Growth and Technological Change
For all its simplistic setting, the 1957 Solow paper provides enough of a case to support the following claim: accumulation of physical capital per capita does not create growth. And as far as the domestic economy goes, this is what comes out:
Y | H | K | TFP ------+-------+------+------- 1.40% | 0.07% | 0.22% | 0.83% | 5.12% | 15.68%| 59.38%
(Quarterly growth. Y: Output, H: Labour, K: Capital, TFP: Solow Residual)
Over the past half a century, capital accumulation accounted for only 15.7% of the average GDP growth in the Moroccan economy, three times as much as demographic growth (actually, growth in the labour force) but most of the observed growth (in real terms) comes from TFP, Total Factor Productivity, or commonly known as ‘The Solow Residual’.
TFP accounts for almost 60% of the long-run average GDP growth. It does a lot more than that: it is more aligned with GDP growth, more correlated, and most importantly, a 1% increase in the Solow residual accounts for .96% in output growth, even as 1% in Capital growth accounts for only .08% in output What can the policy-maker learn from this very simple yet robust model? First, that accelerated accumulation of capital is unlikely to get output to grow faster. In the universe of our government’s commitment to get the 5.5% growth over their legislature, they need to generate a mind-boggling 23% increase in gross capital formation – i.e. an annual additional investment of 9.42 Bn dirhams above the current trend.
The findings are easy to sum up: what drives most of economic growth is not physical capital accumulation, but rather those things policy makers in Morocco care little about: research & development, labour and capital efficiency (a sad story I can recall from a lecturer in my Alma Mater, about a project of diesel-powered desalt water plant in Laayun, a wasteful process the Moroccan officials were reportedly proud of) and most important of all, institutional changes. These of course do not refer exclusively to political reforms, it encompasses labour market regulation and rigidities, rule of law and enforcement of contracts.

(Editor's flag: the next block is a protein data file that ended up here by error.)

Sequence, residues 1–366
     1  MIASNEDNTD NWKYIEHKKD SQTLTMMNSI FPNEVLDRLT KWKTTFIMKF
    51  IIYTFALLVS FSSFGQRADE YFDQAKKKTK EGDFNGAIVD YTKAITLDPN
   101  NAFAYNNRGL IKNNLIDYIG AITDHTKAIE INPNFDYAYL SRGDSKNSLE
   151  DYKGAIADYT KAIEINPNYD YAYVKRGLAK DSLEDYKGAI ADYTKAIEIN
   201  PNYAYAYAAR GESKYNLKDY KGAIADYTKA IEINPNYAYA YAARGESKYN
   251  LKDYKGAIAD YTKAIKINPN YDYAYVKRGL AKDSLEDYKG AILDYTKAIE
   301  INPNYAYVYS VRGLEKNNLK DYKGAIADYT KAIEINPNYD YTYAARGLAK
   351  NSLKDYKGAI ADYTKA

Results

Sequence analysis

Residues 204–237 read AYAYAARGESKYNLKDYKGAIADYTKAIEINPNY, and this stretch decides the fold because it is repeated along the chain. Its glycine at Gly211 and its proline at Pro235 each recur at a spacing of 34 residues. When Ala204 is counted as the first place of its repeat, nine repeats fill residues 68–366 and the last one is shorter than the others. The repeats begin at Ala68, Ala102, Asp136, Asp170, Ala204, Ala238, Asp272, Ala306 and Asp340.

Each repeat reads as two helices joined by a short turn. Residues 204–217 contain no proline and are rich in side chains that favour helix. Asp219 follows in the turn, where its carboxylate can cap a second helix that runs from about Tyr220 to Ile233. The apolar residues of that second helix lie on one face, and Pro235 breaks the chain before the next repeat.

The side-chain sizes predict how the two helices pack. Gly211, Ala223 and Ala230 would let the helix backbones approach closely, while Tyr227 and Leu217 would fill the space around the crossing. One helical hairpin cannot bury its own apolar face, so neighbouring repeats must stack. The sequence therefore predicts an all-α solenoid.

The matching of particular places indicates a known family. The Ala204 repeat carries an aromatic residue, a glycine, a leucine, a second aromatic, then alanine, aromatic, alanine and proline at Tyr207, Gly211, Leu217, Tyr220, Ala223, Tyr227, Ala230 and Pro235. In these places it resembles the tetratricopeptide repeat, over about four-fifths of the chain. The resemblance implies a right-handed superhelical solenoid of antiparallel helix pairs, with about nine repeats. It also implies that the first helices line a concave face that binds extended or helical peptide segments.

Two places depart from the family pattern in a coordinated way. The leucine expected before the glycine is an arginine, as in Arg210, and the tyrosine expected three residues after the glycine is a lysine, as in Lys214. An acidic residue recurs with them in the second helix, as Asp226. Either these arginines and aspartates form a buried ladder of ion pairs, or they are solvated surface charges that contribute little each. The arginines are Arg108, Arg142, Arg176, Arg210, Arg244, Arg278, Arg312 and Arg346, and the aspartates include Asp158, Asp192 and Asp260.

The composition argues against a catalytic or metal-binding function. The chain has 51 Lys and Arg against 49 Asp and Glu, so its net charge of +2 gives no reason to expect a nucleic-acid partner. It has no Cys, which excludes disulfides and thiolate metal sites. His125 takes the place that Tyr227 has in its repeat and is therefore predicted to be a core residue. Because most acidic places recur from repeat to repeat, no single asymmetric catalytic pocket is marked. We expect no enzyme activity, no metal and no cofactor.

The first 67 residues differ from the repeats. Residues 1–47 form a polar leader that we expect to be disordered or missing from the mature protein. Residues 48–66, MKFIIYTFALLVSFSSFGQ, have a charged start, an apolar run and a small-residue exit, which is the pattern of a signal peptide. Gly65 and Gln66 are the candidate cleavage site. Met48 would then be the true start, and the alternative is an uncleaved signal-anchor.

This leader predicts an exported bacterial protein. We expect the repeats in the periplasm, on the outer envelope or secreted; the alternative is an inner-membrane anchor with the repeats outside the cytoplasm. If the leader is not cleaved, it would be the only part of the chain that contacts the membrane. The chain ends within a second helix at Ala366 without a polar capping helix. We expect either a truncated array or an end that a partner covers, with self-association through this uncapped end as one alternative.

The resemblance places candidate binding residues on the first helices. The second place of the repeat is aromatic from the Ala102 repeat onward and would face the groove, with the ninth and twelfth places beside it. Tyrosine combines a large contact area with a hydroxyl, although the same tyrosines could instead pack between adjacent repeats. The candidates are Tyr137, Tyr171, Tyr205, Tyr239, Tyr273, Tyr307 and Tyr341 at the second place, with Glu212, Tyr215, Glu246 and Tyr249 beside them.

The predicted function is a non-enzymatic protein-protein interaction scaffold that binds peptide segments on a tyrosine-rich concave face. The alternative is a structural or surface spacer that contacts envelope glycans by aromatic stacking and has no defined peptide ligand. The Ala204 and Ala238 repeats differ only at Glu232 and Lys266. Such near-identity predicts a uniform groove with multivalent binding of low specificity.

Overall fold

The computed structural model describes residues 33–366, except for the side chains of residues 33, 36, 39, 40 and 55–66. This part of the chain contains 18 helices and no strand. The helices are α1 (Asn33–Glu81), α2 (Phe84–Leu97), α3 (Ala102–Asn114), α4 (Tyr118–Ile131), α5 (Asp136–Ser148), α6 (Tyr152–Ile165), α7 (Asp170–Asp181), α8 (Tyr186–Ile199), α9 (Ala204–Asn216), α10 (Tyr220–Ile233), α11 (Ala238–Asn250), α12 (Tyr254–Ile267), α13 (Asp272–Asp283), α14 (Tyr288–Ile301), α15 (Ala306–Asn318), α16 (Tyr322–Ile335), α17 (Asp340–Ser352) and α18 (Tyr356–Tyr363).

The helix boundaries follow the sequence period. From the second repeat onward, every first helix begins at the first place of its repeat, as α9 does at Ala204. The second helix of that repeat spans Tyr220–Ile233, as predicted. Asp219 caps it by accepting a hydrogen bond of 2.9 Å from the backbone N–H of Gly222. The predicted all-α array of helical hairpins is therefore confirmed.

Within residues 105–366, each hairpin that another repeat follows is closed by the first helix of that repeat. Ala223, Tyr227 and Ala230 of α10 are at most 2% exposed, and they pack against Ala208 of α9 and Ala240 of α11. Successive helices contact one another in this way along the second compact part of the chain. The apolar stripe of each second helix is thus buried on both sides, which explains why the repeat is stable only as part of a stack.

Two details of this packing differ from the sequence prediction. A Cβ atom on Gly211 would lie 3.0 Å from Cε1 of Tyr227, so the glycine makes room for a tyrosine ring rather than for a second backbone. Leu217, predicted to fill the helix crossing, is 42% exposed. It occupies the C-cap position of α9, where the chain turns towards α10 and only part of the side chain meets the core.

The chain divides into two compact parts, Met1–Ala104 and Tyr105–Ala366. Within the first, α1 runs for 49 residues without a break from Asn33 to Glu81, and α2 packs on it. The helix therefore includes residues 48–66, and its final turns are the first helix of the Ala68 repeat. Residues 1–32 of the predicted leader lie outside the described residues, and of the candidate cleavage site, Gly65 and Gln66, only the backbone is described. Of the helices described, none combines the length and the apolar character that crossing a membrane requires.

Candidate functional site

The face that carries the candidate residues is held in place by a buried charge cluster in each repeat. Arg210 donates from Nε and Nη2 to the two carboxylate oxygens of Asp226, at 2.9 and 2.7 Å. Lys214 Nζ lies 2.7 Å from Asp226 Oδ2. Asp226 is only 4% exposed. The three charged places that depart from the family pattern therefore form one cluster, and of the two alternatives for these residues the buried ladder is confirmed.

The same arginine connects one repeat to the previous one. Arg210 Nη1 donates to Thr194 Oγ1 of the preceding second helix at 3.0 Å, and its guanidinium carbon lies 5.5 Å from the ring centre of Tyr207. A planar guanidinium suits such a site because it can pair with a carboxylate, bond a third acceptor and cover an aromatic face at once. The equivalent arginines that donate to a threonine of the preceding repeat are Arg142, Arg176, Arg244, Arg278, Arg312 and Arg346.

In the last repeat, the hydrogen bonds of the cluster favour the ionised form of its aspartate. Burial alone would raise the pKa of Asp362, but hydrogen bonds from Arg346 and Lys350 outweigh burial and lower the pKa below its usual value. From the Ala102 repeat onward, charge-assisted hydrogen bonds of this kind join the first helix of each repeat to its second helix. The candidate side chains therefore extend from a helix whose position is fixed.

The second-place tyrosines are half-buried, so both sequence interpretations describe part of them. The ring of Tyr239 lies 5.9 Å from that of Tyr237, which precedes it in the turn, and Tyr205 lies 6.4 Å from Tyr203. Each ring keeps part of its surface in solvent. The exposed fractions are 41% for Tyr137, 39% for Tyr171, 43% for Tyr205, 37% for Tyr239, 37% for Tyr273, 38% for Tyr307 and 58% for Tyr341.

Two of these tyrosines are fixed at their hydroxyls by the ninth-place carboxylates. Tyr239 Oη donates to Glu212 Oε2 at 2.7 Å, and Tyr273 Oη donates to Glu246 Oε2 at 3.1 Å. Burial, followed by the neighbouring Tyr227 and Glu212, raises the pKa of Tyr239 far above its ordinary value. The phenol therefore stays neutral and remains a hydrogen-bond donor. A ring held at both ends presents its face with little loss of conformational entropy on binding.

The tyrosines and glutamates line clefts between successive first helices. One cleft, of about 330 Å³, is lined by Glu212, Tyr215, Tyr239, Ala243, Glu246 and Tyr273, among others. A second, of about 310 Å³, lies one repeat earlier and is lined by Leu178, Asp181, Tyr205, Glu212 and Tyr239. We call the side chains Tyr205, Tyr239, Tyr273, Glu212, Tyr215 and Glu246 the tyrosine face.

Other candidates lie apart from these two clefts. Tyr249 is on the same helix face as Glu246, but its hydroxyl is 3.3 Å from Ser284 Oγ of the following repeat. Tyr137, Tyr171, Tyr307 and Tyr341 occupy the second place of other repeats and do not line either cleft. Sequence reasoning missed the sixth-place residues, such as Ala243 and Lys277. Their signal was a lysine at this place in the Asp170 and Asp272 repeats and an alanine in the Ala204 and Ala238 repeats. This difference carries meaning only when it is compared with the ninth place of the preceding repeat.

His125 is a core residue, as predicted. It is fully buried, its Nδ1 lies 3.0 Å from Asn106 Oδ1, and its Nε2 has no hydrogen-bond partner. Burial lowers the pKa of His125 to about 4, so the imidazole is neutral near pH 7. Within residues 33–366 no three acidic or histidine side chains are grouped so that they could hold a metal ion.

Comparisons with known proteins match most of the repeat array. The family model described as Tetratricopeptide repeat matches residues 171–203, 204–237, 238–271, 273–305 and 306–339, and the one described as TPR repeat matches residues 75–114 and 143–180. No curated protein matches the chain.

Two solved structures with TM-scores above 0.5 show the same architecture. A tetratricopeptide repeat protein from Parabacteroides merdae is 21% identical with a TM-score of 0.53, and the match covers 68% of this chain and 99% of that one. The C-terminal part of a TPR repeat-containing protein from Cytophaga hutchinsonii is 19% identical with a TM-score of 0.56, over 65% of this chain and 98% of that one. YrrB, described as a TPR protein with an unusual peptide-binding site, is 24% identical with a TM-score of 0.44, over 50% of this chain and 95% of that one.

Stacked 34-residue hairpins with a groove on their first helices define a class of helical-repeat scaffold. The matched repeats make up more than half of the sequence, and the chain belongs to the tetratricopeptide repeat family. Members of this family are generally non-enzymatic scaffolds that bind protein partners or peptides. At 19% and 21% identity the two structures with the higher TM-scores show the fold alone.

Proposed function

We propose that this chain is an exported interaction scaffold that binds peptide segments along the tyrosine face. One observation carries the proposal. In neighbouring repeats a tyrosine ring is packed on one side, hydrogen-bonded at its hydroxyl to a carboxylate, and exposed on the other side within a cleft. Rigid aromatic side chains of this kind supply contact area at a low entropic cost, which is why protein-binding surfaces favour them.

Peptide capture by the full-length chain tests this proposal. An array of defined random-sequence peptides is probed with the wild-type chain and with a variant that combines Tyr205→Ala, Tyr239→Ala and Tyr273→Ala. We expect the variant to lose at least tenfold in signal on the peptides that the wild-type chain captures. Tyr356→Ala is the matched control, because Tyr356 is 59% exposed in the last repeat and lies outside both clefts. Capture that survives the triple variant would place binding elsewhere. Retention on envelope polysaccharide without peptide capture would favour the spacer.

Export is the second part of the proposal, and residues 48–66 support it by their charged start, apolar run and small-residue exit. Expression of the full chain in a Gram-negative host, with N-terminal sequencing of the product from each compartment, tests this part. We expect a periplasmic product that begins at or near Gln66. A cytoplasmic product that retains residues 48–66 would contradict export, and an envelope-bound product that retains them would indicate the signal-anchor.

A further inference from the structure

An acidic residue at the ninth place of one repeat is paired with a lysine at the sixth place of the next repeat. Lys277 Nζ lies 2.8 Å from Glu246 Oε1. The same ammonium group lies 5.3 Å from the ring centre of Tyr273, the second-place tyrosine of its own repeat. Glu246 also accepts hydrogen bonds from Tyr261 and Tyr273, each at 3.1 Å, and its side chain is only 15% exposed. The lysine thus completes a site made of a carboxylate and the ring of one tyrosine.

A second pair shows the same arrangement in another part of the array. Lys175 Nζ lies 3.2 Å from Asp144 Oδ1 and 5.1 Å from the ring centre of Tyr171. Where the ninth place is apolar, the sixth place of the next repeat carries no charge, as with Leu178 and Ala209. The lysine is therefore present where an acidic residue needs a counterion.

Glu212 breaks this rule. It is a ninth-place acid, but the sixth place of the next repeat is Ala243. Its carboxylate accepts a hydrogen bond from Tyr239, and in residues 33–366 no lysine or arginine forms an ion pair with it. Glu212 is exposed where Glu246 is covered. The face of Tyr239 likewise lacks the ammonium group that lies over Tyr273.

What is the real effect of this ‘technological change?’ first, a 1% sustained increase in innovation (such as it is) over 4 periods (or one year) results in boosting investment productivity 4.24%, with spillover effects going up to 3.2% on average over a 5-year period. Just think of it: this is sustained investment over just the first year in office. In budget terms, this means a relatively low investment of 50 Million dirhams in efficiency programs can increase investment efficiency by 4.24%, hence contributing an additional 12.5 Bn dirhams a year, a net contribution to growth by 360 basis points in one year – that is, an additional 3 Bn in added value, jobs and economic activity.
In fact, the accrued effect of a one-year investment produce a marginal effect of almost one percentage point of GDP growth. And it is only right GDP grows thanks to technological change – because these resources when allocated to capital accumulation have a much lower return (one observes in the second graph capital accumulation declines by similar amounts (4.43% the first period). I argue this provides good evidence that accumulated investment for its own sake (which is about anything when it comes to some of the ongoing Grand Design workshops)
One last thing; since the mid-1970s, a particular component I have not described here accounted for the remaining 20% in real growth: even the impact of foreign trade (or perhaps just foreign productivity spillover effects) generates more growth than capital accumulation.
See Cooley & Prescott for the model used to generate the IRF graphs. Steady-state values have been used to calibrate the deep parameters.